Margaret M.H. Finch, War Records Keeper

Today’s post for Women’s History Month comes from Jessie Kratz, Historian of the National Archives.

I was intrigued when Alan Walker discovered those wonderful ID cards of former Archives employees in Record Group 64. I noticed many were women, which makes sense given the time period, and thought it would be nice to highlight a former female employee for Women’s History Month. I randomly picked Mrs. Margaret M. H. Finch, who worked for the National Archives between 1940 and 1949.

ID card of former Archives employee, Margaret M. H. Finch

As it turns out, Finch’s name appears quite frequently in many of our records. Interestingly, it’s not because she was employed by the National Archives, but because of her previous position.

Finch began her federal career in 1919, at age 42, shortly after her first husband died in the 1918 influenza outbreak. She started as a clerk in the War Department but soon moved to the Bureau of Pensions in the Department of Interior. While there, she worked primarily with pension and bounty-land files from the Revolutionary War and the War of 1812.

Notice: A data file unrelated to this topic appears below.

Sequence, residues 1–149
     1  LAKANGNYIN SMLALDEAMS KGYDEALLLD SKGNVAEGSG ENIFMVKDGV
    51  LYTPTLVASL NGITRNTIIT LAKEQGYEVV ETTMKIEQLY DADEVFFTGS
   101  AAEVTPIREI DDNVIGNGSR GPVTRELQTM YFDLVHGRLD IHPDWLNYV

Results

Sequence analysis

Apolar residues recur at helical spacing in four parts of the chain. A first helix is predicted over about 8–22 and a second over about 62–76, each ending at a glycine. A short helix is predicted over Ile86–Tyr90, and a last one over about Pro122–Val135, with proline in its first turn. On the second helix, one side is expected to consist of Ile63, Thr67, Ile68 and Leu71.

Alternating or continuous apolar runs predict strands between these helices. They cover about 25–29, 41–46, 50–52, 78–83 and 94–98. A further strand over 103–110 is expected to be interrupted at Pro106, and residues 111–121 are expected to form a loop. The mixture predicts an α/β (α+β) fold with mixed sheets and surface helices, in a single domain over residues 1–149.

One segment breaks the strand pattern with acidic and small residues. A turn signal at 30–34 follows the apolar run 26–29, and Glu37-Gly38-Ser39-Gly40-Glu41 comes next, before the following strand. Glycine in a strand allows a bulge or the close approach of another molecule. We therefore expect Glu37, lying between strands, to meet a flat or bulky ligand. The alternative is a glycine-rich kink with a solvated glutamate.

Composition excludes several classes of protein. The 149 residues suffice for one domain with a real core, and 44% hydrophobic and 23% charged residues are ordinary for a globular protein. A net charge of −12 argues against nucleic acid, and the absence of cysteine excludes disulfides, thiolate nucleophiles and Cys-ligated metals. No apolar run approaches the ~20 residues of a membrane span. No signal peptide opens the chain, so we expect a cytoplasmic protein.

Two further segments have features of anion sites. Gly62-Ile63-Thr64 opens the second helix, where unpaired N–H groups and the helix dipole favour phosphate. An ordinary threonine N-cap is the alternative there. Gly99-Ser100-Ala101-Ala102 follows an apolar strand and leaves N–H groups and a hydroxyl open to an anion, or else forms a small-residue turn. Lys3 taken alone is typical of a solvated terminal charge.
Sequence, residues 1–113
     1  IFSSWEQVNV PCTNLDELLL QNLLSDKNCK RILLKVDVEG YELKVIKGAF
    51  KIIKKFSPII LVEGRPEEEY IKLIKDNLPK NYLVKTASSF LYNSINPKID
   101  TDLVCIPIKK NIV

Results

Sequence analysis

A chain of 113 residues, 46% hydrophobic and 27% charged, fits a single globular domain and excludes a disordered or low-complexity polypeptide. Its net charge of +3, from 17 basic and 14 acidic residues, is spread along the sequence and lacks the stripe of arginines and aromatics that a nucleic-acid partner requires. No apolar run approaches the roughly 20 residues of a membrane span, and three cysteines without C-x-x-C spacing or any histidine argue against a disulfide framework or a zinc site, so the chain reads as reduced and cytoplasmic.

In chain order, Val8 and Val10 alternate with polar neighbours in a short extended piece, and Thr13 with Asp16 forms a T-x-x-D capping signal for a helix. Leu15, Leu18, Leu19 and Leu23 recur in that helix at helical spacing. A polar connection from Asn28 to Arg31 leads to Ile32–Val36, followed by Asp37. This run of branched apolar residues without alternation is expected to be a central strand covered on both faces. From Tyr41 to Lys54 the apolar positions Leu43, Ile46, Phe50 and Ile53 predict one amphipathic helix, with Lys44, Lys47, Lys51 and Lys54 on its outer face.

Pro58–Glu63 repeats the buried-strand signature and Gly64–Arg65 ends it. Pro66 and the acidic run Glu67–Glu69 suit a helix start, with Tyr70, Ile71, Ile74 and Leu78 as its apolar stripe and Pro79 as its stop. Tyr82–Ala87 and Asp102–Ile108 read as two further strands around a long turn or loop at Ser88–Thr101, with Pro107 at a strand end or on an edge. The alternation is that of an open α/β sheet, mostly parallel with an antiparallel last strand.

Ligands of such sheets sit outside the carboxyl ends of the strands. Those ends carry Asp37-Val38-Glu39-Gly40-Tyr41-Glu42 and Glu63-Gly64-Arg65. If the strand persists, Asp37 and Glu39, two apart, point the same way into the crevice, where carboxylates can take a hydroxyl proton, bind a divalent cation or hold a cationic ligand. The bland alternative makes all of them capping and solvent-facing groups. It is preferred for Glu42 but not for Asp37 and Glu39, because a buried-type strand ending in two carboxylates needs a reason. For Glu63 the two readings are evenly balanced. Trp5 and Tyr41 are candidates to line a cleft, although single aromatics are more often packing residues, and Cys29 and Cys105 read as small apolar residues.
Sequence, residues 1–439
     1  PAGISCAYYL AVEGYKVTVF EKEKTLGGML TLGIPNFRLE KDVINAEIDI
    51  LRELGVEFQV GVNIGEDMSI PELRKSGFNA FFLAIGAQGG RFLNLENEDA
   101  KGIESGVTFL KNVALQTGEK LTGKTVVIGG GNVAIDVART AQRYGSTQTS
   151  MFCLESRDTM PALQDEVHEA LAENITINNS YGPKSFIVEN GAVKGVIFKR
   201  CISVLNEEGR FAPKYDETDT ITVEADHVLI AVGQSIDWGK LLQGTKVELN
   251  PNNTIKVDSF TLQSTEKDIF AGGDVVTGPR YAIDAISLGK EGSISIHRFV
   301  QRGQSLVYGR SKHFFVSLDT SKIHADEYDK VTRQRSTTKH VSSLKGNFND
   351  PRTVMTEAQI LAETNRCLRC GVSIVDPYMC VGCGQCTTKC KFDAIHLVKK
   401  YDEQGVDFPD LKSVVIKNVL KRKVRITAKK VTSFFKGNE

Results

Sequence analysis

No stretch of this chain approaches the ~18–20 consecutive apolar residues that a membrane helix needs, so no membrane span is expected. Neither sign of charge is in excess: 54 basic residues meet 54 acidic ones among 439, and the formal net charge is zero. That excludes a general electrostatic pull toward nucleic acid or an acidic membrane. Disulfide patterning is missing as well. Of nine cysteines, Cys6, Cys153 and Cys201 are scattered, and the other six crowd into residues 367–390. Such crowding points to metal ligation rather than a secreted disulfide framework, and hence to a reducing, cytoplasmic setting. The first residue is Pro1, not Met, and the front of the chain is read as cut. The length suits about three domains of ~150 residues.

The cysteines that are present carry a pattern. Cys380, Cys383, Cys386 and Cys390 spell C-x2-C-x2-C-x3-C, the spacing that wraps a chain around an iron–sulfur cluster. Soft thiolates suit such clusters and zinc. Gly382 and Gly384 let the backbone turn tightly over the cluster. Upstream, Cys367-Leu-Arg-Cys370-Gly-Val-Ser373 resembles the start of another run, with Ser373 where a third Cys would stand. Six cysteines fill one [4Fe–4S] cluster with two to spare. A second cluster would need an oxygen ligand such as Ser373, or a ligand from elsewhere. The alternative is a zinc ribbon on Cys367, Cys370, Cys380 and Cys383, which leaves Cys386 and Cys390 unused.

When she became chief of the Revolutionary and War of 1812 pension branch, she became the main contact person for historians, genealogists, and other researchers seeking copies of pension records. The paperwork these requests generated were subsequently filed with the records themselves.

This War of 1812 pension is just one example of hundreds and hundreds of documents Finch has signed that are now filed in the National Archives pension records:

War of 1812 pension application signed by Mrs. Finch

War of 1812 pension application signed by Mrs. Finch

In 1940, as the pension records were transferred to the National Archives, Finch transferred with them. She continued to help researchers locate pension files but also gave numerous talks about researching in the records. At that time, she knew the pension files from the nation’s first two wars better than anyone else, lovingly referring to them as her “heart throbs.” In an interview conducted upon her retirement, she explained the files made the men who served “almost become living people, and their descriptions of battles in which they fought are so real you feel like you’ve been an actual participator.”

Finch reluctantly retired from the National Archives in June 1949 after 30 years of federal service. She passed away in 1958.

A final note…

I became curious about the M.H. initials. Here’s what I have found:

Born: Margaret G. Maddox (1878)
Married Rosser Mead Hammond –> Margaret M. Hammond (1902)
Married Erastus M. Finch –> Margaret M.H. Finch (early 1920s)
Died: Margaret M. H. Finch (1958)

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